Assuming the initial version Liana played is similar to this IGN preview4, the flashing effect can cover most of the screen, and I counted ~11 Hz.
Multiple factors contribute to and compound the risk2,3. Though flash rate (#1) and visual field (#2) are the papers’ most mentioned considerations, if meeting one isn’t possible—say for a stage’s front-row audience—further risk reductions include:
I don’t like “The best way to win is not to play”-type guidance, because it implies that no one should ever try. In the case of the SPRK project, the flashing pattern I devised is what makes it immediately recognizable as a flare (important when someone is driving 70+ MPH). However, putting the work into an intricate chase or gradient pattern can achieve a better effect than simple flashing, so if that’s achievable, seriously consider this mitigation:
All the best to CD Projekt Red and their first week with Cyberpunk 2077’s release. As I was looking for articles and screenshots, I found that this goes far beyond them and this release.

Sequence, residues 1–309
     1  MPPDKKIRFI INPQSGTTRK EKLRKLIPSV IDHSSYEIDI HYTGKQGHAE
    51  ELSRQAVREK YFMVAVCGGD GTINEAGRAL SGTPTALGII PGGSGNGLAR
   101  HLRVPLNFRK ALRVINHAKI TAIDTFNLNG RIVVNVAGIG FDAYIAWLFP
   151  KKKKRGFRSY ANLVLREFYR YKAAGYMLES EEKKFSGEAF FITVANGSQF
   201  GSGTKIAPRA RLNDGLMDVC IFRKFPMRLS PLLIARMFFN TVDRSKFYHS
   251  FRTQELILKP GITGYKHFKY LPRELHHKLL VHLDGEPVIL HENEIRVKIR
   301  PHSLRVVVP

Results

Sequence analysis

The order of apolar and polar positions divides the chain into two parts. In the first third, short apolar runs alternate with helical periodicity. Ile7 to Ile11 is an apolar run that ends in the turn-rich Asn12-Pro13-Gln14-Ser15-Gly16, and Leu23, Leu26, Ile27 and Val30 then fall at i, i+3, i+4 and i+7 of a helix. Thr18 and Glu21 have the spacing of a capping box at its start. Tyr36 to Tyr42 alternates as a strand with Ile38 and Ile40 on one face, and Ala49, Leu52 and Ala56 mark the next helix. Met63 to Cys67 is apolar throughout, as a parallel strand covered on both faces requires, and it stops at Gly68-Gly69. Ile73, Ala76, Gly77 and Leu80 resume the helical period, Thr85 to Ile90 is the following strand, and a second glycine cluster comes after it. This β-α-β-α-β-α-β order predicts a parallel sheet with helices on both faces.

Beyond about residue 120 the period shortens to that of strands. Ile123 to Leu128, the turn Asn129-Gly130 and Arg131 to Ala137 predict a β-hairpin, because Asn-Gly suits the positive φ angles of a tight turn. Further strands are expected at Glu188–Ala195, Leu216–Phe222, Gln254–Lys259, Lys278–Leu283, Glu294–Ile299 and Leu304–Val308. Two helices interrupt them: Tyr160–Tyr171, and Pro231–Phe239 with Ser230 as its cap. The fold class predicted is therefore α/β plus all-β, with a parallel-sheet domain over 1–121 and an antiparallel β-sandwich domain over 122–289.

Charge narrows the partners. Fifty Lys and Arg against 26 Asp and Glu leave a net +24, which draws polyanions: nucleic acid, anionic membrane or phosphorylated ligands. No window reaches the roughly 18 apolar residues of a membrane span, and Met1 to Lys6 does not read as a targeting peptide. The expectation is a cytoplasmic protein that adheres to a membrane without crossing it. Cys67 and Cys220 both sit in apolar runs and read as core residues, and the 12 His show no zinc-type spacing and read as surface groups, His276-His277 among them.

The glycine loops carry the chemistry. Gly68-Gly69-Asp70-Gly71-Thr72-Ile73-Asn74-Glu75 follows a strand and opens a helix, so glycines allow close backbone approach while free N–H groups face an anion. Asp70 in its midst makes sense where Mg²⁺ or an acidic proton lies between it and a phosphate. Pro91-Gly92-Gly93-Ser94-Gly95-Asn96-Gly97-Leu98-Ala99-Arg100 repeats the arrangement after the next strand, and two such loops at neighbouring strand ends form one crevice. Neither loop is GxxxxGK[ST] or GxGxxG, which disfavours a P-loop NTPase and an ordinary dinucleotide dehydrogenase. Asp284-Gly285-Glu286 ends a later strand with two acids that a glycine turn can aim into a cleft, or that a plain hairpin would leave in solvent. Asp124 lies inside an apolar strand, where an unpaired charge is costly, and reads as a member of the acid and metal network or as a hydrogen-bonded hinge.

Be good to your users.
1: Harding, G., Wilkins, A., Erba, G., Barkley, G.L., & Fisher, R. (2005). Photic- and Pattern-induced Seizures: Expert Consensus of the Epilepsy Foundation of America Working Group. Epilepsia, 46(9), 1423-25. doi: 10.1111/j.1528-1167.2005.31305.x.
2: IEEE Recommended Practices for Modulating Current in High-Brightness LEDs for Mitigating Health Risks to Viewers, IEEE Standard 1789, 2015
4: IGN preview: https://www.youtube.com/watch?v=KXXGS3MGCro (Warning: Flashing light)